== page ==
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CONTACT: Gretchen Salter, Safer States, 206- 619-0973

(Portland, OR) –States are stepping up to protect public health from harmful chemicals, according to an analysis by Safer States. The analysis found that at least 29 states will consider more than 180 policies to require companies to disclose what is in their products as well as limit exposures to toxic chemicals. These policies include bans on PFAS in food packaging and firefighting foam as well as bans on toxic flame retardants in electronics. The analysis, including a searchable database, is available online at SaferStates.org/bill-tracker.

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As consumers increasingly demand less toxic products and laws require the use of safer chemicals, retailers are requiring suppliers to stop using harmful chemicals in consumer products.

Chemicals included in these voluntary phaseouts include four classes of chemicals that have emerged as a particular concern for the health of both humans and wildlife: PFAS, toxic flame retardants, phthalates, and APEs.

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Harmful toxic chemicals added to consumer products, like TVs or carpeting, can escape the product and contaminate our homes, food, breastmilk, and bodies. The same toxic chemicals, including toxic flame retardants, phthalates, and nonstick PFAS, are making their way into the environment and affecting the health of orcas, their young, and their food sources too. Continue reading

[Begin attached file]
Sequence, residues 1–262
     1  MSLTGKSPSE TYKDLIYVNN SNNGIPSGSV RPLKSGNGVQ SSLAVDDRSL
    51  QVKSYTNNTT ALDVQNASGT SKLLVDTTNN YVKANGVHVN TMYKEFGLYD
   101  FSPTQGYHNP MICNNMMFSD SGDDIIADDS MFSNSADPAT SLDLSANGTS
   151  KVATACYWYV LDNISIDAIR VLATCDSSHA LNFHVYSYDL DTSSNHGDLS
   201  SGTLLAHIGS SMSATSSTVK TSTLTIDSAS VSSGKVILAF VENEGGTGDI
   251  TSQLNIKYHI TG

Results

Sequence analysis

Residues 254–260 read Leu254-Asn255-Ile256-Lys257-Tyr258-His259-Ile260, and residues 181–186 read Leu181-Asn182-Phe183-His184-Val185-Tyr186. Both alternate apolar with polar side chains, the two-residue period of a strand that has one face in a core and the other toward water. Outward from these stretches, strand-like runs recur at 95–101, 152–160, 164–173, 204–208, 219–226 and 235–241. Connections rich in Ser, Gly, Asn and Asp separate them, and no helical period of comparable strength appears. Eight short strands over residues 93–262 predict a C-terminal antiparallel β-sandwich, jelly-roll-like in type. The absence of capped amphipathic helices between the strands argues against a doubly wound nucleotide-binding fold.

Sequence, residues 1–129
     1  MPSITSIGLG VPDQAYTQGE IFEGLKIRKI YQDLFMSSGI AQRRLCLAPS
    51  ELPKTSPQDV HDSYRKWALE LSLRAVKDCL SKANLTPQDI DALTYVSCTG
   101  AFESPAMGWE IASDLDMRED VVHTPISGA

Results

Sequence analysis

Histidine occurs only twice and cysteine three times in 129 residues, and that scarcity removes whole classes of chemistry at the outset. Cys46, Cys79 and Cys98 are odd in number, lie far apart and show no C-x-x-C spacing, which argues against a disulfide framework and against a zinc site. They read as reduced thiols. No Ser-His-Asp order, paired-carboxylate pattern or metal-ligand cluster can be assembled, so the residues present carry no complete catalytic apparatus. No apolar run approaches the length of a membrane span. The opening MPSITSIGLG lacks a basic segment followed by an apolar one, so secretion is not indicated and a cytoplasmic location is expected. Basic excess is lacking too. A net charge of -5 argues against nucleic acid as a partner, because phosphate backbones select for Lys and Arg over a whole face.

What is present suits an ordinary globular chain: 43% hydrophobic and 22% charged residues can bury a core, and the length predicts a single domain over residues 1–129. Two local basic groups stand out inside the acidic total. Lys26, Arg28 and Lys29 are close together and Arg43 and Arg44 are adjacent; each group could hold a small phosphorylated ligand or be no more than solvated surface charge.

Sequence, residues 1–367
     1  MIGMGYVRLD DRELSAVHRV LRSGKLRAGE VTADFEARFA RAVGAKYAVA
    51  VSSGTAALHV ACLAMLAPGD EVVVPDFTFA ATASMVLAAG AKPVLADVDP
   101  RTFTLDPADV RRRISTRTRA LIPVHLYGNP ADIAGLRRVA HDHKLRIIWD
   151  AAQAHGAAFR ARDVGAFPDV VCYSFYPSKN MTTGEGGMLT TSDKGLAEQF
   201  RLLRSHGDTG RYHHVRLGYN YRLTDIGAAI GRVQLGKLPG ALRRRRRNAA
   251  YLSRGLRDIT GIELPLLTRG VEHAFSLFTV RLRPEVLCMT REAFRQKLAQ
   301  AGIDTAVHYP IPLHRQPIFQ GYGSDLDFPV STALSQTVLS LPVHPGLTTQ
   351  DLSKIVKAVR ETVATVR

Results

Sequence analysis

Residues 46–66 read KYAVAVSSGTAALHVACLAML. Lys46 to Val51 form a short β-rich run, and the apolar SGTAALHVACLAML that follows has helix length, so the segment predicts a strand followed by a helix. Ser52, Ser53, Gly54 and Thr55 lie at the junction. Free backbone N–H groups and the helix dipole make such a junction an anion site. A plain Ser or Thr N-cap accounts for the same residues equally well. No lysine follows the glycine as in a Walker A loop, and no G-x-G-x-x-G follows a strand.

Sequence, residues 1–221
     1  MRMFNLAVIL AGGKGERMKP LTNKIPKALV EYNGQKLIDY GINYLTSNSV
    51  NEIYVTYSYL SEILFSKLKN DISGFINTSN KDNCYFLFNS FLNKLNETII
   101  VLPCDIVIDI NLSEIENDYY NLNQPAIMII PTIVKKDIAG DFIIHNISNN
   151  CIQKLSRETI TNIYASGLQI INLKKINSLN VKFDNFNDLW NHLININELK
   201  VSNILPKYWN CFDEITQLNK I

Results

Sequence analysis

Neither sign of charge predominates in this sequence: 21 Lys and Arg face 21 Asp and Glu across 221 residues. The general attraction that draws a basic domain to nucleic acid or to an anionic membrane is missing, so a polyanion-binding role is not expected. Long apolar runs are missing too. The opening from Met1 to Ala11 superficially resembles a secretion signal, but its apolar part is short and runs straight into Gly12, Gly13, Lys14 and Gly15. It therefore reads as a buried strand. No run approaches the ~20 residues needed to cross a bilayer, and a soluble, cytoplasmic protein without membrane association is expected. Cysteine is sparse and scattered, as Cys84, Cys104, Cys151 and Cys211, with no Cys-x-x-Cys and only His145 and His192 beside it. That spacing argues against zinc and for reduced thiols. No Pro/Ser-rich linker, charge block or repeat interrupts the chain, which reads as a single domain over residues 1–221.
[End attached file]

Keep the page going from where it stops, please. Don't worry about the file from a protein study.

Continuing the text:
Seattle – Today, Governor Inslee’s Southern Resident Killer Whale Task Force released its recommendations for protecting the endangered southern resident orca population, including recommendations for reducing threats posed by toxic contaminants. Toxic pollution is one of the major threats to orcas, not only affecting orca health but also the availability of their favored food source, Chinook salmon.  Continue reading 

Shopping at a store shouldn’t involve guesswork about whether a TV contains toxic flame retardants or a shampoo is made with hormone-disrupting chemicals. But the reality is that consumers are hard-put to make healthy decisions for their families because there are few restrictions on the toxic chemicals used in consumer products. Continue reading 

Over the last month we’ve been glued to news reports about Tahlequah, the 22-year-old Southern Resident Killer Whale that carried her dead calf hundreds of miles for nearly three weeks. I had tears in my eyes more than once thinking about the baby orca that had deadly chemicals flowing from its mother to its body before it even had a chance to be born. We know that this is what happens with human babies too. Continue reading